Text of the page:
Misinformation, disinformation and dysinformation

First, I’d like to make a distinction among the three sorts of information named in the title. In doing so, I would like to use a metaphor.

We are swimming in a sea of information, 24/7, all the time. This “sea” is in its simplest form a sea of misinformation. The way we swim in this sea, depends on our swimming skills, our skills in perceiving and distinguishing the various sorts of information contained in this sea. The import part here? It’s ALL misinformation, at least to start with.

As we start to make certain distinctions among the specific items of informations in this sea, we find some items useful, some not so much. Those that we find useful, we file away, and perhaps even need to communicate this specific information to others–for instance our loved ones, and those that we work with.

Back to the sea. In the sea of information (or misinformation, if you will) there are nets that have been set by others, for their own ends and means, to trap us! These nets–nets of disinformation are exactly that–traps! These nets are also known as propaganda, lies or political hogwash!

I hope I haven’t lost you.

The third term I’m going to leave you with is dysinformation (malformation in the the illustration – Thanks Claire Wardle)!

The place in our metaphor for dysinformation(ie. malformation) is the time or place where the sea we are swimming in gets roiled by storms or the activities of other swimmers or passing ships or other vessels. Now we, as swimmers, not only have the myriad items of information to deal with, plus the hazardous disinformation nets, but we have all these artificial (in some cases natural) currents that are stirring things up, and making information that might already be hard to decipher, truly muddy!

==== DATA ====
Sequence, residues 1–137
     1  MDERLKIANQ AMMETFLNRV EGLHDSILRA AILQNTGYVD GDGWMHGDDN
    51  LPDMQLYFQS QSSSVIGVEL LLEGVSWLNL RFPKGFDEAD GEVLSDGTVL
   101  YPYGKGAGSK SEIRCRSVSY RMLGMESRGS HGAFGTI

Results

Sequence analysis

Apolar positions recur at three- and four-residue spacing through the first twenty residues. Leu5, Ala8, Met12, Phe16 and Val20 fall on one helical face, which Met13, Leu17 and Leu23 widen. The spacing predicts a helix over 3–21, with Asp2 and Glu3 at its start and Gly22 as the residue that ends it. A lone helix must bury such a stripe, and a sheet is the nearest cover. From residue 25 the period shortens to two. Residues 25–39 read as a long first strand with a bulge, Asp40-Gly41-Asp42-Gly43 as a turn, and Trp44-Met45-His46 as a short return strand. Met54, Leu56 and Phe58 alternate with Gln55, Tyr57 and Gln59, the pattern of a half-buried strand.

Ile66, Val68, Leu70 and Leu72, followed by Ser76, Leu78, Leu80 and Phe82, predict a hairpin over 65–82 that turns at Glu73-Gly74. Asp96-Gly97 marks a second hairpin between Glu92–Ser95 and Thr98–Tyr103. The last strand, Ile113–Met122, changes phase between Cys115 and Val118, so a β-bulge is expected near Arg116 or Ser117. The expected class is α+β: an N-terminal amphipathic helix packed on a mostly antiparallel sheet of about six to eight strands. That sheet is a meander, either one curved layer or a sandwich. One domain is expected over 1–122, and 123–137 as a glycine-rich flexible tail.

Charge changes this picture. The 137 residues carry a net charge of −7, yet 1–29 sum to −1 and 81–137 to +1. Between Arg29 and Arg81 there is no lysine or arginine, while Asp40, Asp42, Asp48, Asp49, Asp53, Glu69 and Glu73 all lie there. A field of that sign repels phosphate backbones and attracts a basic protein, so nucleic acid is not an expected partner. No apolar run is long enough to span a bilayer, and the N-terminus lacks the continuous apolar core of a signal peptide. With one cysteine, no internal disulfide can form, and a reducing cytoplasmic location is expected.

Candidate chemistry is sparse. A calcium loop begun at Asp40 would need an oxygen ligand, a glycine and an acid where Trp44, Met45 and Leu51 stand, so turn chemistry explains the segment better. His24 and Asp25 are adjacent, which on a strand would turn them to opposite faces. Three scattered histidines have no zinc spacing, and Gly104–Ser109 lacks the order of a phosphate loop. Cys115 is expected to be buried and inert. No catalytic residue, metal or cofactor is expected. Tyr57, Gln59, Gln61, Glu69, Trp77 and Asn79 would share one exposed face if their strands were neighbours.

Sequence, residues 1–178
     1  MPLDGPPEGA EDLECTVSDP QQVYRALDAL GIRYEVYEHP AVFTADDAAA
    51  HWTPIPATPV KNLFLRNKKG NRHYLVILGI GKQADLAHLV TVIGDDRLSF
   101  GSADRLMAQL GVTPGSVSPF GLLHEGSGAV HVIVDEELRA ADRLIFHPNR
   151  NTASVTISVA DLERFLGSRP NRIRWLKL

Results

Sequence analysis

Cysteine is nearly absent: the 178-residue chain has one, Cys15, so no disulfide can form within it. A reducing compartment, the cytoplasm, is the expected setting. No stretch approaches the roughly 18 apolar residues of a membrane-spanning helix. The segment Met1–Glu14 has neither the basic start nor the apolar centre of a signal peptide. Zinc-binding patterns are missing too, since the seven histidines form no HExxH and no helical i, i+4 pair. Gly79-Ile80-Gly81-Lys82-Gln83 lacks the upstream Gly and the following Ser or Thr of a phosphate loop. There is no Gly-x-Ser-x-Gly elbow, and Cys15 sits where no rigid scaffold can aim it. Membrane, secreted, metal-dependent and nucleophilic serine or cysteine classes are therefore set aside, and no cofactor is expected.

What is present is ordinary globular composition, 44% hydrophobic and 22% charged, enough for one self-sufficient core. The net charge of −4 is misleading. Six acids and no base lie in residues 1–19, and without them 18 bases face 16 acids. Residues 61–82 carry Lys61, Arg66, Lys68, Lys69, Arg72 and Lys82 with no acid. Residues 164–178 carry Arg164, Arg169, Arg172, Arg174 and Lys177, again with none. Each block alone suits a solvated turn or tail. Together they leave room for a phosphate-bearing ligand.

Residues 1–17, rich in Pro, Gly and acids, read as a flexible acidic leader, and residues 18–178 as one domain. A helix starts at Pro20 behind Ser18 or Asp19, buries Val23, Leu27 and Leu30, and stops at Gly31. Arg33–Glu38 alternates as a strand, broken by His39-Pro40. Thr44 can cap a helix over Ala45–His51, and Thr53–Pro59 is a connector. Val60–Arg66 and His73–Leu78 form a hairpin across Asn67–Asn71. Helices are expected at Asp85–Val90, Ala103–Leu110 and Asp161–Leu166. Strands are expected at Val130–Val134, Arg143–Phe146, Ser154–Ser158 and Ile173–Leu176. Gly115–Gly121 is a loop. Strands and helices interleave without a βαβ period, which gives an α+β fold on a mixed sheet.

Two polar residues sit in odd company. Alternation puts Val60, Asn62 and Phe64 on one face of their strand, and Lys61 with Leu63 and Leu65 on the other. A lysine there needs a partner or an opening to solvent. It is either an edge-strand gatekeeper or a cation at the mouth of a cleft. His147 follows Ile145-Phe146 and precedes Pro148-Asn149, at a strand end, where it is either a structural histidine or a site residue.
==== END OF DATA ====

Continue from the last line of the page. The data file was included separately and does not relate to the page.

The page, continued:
We are living in times where the seas of information are extremely complex. Even with the political disinformation that has always been a part of the scene, the degree of dysinformation that’s part of everyday life can be overwhelming. The sources of this dysinformation? Always-on news media; social media; our phone apps, which constantly add not-necessarily-wanted inputs to an already complex information scene.

So, how do we manage all of this noise? One way is by eliminating some of the noise generators! Social media? (Facebook, Instagram, Tiktok) Get rid of them! Or at lease reduce their availability–taking them off your phones!

News media? Same thing. Decrease its availability. Again by taking the news off your phone, cancelling subscriptions, otherwise toning it down! A blogging friend of mine says this:

“I’m trying to stay at home as much as possible and avoiding reading the news too much.”

By eliminating some of the dysinformation perhaps you can start getting some of the quiet back that you need to make good decisions, communicate clearly to those you care about and start to win back some of the piece of mind that you need to live well.

As always, I’d like to hear from you. Please leave comments or write to me directly at connectednurses@gmail.com.

About Gerry Wieder

Gerry is a former Registered Nurse, currently living in the Seattle area of the United States.
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